You can make a striking difference to the look of a room by changing just one main feature, like curtains/blinds, flooring, or the wall colour. Consider creating a feature wall or just painting the door if you’re unsure about changing the colour of the whole room, or find a piece of art which brings your existing style together.

Floors can be updated by changing carpet to wood or laminate flooring, or vice versa. For more cost-effective options, a large rug in a bright colour or attractive design is often all you need to create a real impact.

If you have a lot of windows - or one large one- in a room, then your curtains or blinds are going to be a focal point whether you like it or not. For this reason, it’s always worth investing in something that you love, which is the right size and provides the right level of privacy.

Introduce Light & Foliage

There are two things that can really add the wow factor to a room – light and houseplants. The right lighting and the right foliage will make a huge difference.


Make the most of any natural light by allowing it to flow into the room. Be aware of where larger furniture items are placed so they don’t block the light, and consider curtains in a thinner fabric or using decorative privacy film to allow more of it through.

Illuminate recesses and corners with lamps, or create a feature with fairy lights, ‘neon’ wall art or light boxes. This can create some really cosy areas and help to bring focus to areas of the room you like the best. If you have high ceilings, make the most of the space with hanging lampshades. Wall-mounted lights can make a big difference for smaller spaces, especially where surface space is at a premium.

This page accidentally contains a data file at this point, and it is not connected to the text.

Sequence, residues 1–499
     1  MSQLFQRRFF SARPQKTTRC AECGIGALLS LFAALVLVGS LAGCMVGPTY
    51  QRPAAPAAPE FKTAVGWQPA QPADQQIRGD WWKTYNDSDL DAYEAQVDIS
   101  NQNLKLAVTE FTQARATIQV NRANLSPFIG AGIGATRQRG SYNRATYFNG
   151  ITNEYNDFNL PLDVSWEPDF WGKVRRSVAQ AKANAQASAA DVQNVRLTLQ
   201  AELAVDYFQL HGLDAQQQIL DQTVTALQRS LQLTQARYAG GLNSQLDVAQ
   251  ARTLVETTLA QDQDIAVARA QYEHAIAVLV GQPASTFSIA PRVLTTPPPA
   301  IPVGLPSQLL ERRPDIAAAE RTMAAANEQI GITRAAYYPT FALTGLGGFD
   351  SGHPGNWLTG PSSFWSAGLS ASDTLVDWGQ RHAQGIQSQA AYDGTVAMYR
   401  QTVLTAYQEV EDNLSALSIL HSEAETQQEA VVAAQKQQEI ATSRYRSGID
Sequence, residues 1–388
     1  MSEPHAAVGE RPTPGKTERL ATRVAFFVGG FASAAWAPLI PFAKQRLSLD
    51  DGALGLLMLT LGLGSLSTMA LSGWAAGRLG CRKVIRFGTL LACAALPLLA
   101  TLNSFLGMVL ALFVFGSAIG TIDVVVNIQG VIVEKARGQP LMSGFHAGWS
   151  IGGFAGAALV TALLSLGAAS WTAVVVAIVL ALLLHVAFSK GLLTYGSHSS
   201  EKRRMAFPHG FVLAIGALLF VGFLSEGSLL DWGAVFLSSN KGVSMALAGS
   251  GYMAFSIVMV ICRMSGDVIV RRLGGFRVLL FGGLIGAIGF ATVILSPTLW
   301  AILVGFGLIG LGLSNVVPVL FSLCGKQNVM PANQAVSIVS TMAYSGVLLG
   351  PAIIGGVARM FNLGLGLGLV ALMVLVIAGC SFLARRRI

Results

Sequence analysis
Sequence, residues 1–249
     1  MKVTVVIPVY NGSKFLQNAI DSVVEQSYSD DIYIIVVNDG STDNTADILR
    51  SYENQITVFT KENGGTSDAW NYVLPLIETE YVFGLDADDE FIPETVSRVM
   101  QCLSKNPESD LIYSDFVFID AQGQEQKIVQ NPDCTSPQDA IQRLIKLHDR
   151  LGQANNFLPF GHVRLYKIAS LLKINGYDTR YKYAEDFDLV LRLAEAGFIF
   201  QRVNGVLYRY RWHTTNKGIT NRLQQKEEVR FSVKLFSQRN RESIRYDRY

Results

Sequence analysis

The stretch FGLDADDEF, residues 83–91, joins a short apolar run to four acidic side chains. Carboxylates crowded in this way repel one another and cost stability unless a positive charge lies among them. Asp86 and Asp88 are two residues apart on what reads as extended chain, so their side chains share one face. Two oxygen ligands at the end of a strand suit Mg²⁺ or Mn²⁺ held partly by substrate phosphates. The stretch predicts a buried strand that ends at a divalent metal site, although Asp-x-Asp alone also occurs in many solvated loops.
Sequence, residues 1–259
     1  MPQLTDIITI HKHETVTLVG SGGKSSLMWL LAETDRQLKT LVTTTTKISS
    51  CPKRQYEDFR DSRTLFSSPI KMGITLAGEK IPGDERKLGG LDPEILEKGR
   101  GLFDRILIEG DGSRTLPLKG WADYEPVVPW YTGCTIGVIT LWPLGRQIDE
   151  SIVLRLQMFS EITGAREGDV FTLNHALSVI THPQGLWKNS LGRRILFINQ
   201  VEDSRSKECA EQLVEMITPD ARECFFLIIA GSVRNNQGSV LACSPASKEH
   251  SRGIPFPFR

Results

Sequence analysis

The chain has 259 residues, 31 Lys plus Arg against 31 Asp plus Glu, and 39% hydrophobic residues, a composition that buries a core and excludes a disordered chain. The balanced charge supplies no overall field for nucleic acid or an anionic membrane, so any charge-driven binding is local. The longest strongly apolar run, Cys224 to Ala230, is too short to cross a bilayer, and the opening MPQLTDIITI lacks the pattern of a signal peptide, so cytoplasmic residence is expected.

Houseplants don’t just look great in the home; some types, like spider plants and aloe vera, will also absorb toxins and add more oxygen to the air. Not only that, but houseplants have been proven to boost mood and productivity as well, making them one of the more useful interior design items.

Important: Some houseplants and flowers are poisonous to cats and dogs. If you have pets in the home, check with your vet or do some online research prior to buying anything. Some ‘pet safe’ houseplants include spider plants and African violets.

If you’re not great at keeping plants alive or you’re worried about your pets, you can always opt for fake versions. Fake plants used to be very obvious (and often tacky) replicas of the real thing, but these days you can get some very realistic alternatives which look fantastic.

Give small spaces a lift with hanging plants which trail down. These are great for the corners of the room, or on the edge of shelves. This way, you don’t need to take up any surface space, which may be at a premium in smaller abodes.

Finally, it’s also good to bring in seasonal plants throughout the year to display in vases or small jars. If you have a garden, this could be flowers and greenery you’ve grown yourself. You could also pick wildflowers from footpaths and public areas near you – although please check permissions first, as some wildlife reserves or protected areas may not allow this.

Go with your instincts

No matter what you begin with when making interior design changes to your home, it’s important to be fully happy with each purchase and decision. Trust your gut feeling and try not to be swayed by the opinions of others: this is your home and if you like a certain style, then go for it. There’s something out there for every taste and budget – so what are you waiting for?

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By H&T Pawnbrokers